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What Is a Certificate of Incorporation?

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  • Written By: Felicia Dye
  • Edited By: C. Wilborn
  • Last Modified Date: 18 August 2014
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A business venture cannot generally become a corporation by simply claiming to be one. A corporation must usually be approved or recognized by some type of government entity. A certificate of incorporation is a document that shows that a company has received that recognition. The circumstances for obtaining such a document are often contained in body of law, such as South Africa's Companies Act.

When a person is born, he is generally given a birth certificate which includes his name; establishing a corporation is much the same. A certificate of incorporation is a document that, among other things, names a business that has become a legal entity. In order for this naming to occur, it is commonly required that the business' name first be researched for duplicates and then reserved.

In some instances, the certificate of incorporation carries a great deal of legal importance. In other instances, this is not the case; it serves more as proof of registration. The degree of importance often varies by country.

Being a legal entity commonly means that this type of business is recognized by the law in a similar manner as an individual. It also means that the individuals who are part of the business have limited personal liability for the overall responsibilities and obligations of the corporation. If, for example, the corporation is sued, the individuals' assets are not usually considered for paying damages or debts.

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In the United States, a business that has received a certificate of incorporation is subject to many of the same rights and legal obligations as an individual. For example, an established corporation may have the right to sue in its own name. Criminal charges that could be filed against a person may also be filed against such a business.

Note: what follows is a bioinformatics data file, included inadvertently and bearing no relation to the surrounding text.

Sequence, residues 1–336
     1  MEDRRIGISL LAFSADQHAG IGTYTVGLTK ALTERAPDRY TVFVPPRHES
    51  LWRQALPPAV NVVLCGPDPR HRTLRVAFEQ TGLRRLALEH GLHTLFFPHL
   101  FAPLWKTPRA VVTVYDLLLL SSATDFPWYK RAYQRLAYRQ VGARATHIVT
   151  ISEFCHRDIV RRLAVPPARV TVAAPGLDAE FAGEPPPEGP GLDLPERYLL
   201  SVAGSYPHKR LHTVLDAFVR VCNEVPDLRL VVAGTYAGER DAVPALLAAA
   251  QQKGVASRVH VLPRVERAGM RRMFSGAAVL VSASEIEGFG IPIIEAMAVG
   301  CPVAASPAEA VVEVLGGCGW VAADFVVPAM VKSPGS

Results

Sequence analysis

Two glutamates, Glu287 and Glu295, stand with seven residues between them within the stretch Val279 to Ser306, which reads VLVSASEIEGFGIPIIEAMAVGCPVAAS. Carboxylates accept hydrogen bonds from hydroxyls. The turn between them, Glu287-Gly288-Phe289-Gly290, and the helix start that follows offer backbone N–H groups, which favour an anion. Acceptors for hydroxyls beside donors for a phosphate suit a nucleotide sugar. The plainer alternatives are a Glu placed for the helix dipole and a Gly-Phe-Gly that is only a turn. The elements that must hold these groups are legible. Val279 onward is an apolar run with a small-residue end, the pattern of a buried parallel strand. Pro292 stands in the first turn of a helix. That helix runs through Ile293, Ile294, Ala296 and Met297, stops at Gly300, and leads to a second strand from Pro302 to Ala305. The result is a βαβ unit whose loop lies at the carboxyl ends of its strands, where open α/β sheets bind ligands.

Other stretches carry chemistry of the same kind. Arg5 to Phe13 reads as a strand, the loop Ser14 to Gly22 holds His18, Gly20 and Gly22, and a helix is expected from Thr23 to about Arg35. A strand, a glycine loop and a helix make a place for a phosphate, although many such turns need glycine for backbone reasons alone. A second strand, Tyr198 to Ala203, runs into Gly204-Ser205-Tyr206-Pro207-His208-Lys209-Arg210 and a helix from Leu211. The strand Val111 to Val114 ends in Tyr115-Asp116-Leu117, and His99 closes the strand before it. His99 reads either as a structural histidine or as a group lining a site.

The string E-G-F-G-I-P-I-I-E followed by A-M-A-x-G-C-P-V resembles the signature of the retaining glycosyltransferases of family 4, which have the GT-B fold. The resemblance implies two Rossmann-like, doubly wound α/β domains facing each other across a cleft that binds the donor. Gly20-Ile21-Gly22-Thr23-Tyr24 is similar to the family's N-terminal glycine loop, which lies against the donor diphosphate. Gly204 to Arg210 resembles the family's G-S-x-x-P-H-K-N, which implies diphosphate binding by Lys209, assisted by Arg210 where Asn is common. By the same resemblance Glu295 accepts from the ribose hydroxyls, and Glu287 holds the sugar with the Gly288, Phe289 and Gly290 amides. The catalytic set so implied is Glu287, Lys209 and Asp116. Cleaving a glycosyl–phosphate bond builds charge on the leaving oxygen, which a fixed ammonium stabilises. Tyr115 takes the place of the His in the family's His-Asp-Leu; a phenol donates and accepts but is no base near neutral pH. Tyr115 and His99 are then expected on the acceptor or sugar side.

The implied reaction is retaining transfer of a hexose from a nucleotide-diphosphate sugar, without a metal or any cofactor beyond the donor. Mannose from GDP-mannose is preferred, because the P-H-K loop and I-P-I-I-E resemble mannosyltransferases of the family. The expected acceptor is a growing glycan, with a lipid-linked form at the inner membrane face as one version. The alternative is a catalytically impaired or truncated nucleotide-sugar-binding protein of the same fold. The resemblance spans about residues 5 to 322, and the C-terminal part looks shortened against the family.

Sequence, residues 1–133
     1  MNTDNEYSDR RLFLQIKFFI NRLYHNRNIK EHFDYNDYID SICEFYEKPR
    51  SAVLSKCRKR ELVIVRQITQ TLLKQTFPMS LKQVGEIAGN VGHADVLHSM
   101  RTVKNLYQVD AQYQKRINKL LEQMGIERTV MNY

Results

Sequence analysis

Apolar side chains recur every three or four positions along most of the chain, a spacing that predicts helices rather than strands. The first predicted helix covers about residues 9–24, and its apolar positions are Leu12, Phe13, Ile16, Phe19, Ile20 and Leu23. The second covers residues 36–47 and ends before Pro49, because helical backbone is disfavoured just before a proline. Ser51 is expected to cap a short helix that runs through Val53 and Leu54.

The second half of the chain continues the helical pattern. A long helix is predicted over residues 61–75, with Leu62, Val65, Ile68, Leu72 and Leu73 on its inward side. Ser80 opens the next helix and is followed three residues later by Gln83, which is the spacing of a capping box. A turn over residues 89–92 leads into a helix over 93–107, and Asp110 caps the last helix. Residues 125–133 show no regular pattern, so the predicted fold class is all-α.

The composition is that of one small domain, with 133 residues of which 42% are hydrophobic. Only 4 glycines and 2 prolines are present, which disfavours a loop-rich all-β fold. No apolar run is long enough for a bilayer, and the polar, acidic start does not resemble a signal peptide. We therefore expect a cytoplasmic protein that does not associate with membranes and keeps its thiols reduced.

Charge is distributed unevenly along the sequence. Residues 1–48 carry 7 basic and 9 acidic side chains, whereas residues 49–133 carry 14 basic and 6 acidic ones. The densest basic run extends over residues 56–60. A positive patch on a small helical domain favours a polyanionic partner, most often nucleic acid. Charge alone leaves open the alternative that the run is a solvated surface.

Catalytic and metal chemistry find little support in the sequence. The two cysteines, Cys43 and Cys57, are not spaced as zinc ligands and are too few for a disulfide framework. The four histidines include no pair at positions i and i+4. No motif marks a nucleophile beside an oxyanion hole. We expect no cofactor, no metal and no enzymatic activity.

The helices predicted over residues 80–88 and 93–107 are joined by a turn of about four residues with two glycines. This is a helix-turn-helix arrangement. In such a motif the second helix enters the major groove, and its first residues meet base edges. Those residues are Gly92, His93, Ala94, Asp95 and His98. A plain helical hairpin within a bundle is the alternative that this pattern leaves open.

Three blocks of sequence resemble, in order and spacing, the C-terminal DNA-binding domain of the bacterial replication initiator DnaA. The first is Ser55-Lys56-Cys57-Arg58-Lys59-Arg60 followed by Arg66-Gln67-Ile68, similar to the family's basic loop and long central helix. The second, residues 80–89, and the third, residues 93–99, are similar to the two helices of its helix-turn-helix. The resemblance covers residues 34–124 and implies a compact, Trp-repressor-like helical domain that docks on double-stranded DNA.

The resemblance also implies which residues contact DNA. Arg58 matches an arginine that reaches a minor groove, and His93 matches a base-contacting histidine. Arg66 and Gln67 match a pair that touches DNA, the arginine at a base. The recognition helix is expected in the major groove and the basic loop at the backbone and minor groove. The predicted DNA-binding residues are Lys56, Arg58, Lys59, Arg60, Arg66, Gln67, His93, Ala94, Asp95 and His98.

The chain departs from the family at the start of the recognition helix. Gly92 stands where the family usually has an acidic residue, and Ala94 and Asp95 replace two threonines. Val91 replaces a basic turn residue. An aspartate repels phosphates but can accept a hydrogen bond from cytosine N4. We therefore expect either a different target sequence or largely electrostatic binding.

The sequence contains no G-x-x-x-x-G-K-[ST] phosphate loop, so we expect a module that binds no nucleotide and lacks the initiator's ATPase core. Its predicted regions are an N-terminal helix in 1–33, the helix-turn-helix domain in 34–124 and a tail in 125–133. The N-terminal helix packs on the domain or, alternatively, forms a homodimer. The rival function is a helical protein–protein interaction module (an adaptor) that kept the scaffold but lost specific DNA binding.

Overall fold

The process of obtaining a certificate of incorporation may be more complicated in some locations than in others. The exact requirements, rules, and waiting periods for obtaining the document can greatly vary. The authorities that issue these documents may also vary. There are some aspects that are fairly common, however.

In many instances, acquiring this type of document requires that the business be composed of individuals holding certain positions. In New Zealand, for example, a corporation must consist of at least one director and one shareholder. Obtaining such a document often requires disclosure of a physical address.

Sometimes obtaining a certificate of incorporation requires a charter. What the charter is required to contain can vary. It is common, however, for a charter to be required to include a business' purpose for existence.

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Azuza
Post 3

I had no idea you could file criminal charges against a business! That doesn't exactly make sense though, because then how is the business supposed to pay for the crimes? You can't send a business to a jail! I suppose you could fine the business a certain amount of money as punishment.

Or maybe the people listed on the certificate of incorporation form would be criminally liable for the crimes committed by the business entity? Either way it sounds quite confusing.

JaneAir
Post 2

@indemnifyme - Your guess is as good as mine! However, I think eventually most things will be digitized and there won't be paper copies of licenses and certificates.

Anyway, I'm always amazed that corporations are sort of treated like people for legal purposes. Because a corporation isn't the same as a person at all! A corporation is made up of a bunch of different individuals who don't all think the same thing and might not act of one accord. So I think it's funny that a company certificate of incorporation is almost like a birth certificate!

indemnifyme
Post 1

I'm wondering if a certificate of business incorporation is usually physical, digital, or both? I imagine before computers they were paper, and maybe the corporation had one and some kind of government entity had another.

However, these days pretty much everything is computerized! I know when I got my state insurance license, I actually received a digital file. I was able to print it out at will, but the actual license itself was digital. However, I was licensed in another nearby state, and they actually sent me a paper copy. I wonder if the same thing goes for certificates of incorporation?

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